When I was 17, I scored a summer job at an investment banking firm. Since my only prior work experience was that of camp counselor or babysitter extraordinaire, I remember my first day getting off to a rather rocky start–not because I messed up on the job, but because I had no clue how to fill out the mountain of paperwork I was asked to complete.
To spare the rest of you newbies the awkwardness of not knowing how to tackle these forms, here’s a quick guide to some of the documents you may be presented with at your first corporate job:
This standard form is what companies use to determine how much federal income tax to withhold from your paycheck. On this form, you’ll be asked to claim allowances based on your individual circumstances. The more allowances you claim, the less tax your employer will withhold. Many find this form confusing, but the gist of it is as follows: If you don’t have any dependents and aren’t married, you’ll probably wind up claiming a total of one or zero allowances. Claiming zero allowances means erring on the side of being overtaxed, but if you’re afraid of owing money to the government, you can always go this route (worst case, you’ll get a tax refund instead of getting more money in your paycheck up-front).
This basic form is used to verify your identify and ability to obtain work legally. You’ll be asked whether you’re a US citizen, and if not, what your legal status is. Note, however, that you’ll need to bring in a passport, or a driver’s license and social security card, as your employer will need this documentation to process your form.
The Nondisclosure Agreement (NDA)
Also known as a confidentiality agreement, an NDA is essentially a contract you sign promising not to disclose certain information about your company without permission. NDAs are designed to protect companies’ trade secrets, which can include things such as software codes, marketing strategies or manufacturing processes. If you sign an NDA and then a year later get hired elsewhere, you won’t be allowed to divulge your first company’s trade secrets, as doing so would be a violation of your contract (not to mention a rather unethical move).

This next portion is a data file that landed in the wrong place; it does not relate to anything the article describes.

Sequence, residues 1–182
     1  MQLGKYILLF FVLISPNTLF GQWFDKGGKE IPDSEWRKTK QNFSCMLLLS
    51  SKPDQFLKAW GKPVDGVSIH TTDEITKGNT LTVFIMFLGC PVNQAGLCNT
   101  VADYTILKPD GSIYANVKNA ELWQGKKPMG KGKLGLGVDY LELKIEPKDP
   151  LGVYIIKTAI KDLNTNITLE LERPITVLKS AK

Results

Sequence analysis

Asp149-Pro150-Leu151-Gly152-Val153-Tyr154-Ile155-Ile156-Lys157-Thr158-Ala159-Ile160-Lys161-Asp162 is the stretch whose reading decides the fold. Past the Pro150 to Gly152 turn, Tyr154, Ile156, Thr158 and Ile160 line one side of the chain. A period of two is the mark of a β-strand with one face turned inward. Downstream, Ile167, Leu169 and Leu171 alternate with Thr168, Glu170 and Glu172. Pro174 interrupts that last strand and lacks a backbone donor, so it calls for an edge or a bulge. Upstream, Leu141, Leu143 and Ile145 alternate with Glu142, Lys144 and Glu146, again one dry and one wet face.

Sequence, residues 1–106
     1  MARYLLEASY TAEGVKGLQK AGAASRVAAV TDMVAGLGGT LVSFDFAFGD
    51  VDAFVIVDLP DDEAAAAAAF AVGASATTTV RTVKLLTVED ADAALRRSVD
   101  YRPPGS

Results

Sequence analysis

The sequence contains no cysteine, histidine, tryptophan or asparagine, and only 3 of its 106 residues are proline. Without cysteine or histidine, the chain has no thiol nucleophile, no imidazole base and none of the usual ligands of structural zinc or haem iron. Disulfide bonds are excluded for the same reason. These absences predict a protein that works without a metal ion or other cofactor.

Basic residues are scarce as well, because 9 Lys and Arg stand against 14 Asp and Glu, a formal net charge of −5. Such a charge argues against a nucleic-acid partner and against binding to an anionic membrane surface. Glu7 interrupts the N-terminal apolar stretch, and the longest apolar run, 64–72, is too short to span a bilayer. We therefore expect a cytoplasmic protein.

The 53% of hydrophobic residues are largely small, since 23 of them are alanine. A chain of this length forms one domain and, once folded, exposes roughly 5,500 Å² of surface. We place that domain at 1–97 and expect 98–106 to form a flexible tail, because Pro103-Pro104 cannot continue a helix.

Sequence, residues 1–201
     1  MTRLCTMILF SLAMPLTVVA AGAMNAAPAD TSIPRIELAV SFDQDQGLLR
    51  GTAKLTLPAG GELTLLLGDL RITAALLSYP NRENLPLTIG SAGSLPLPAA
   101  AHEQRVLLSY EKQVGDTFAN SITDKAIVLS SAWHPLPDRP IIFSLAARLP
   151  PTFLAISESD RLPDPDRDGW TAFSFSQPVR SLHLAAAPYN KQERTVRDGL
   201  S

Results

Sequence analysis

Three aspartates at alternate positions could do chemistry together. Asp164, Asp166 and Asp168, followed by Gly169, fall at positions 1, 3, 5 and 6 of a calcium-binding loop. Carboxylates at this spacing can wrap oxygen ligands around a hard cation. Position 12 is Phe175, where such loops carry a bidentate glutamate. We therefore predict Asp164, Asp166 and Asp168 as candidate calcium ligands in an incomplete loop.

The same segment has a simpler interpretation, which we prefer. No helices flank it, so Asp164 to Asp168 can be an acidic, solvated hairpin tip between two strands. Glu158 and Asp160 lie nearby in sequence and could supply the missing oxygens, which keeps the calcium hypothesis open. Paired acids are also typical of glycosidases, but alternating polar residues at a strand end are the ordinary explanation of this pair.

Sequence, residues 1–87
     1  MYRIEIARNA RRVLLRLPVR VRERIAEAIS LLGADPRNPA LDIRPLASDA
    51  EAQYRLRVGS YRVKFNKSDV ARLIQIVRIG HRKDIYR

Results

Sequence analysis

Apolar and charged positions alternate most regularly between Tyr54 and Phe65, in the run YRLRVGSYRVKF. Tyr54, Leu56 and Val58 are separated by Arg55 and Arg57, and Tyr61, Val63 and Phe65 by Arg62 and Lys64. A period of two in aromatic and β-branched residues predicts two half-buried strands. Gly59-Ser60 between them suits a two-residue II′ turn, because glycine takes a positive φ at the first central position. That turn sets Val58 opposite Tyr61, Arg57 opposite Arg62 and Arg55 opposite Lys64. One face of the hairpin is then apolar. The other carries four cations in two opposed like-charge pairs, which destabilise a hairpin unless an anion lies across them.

The Non-compete Agreement
By signing this type of contract, you basically agree not to start a competing business or work for a competitor for a certain period of time after leaving your job (be it voluntarily or otherwise). Many employees are hesitant to sign noncompetes for fear of having their options limited in the future. Before you sign a noncompete, make sure you understand its terms–specifically, what counts as competition and the length of time during which the contract can be enforced. If you’re uncomfortable with a noncompete’s language, you may want to consult a lawyer or ask your employer to alter its terms so that they’re not quite as limiting.
Though that initial pile of paperwork may seem overwhelming, if you take the time to read through everything carefully, you shouldn’t have a problem filling out those forms. And if you do hit a snag, don’t be afraid to ask your HR person for help. Had my 17-year-old self not been so timid, I could’ve been spared a lot of internal panic that first day of my big summer job.
By Maurie Backman Copyright 2015 brass Media, Inc.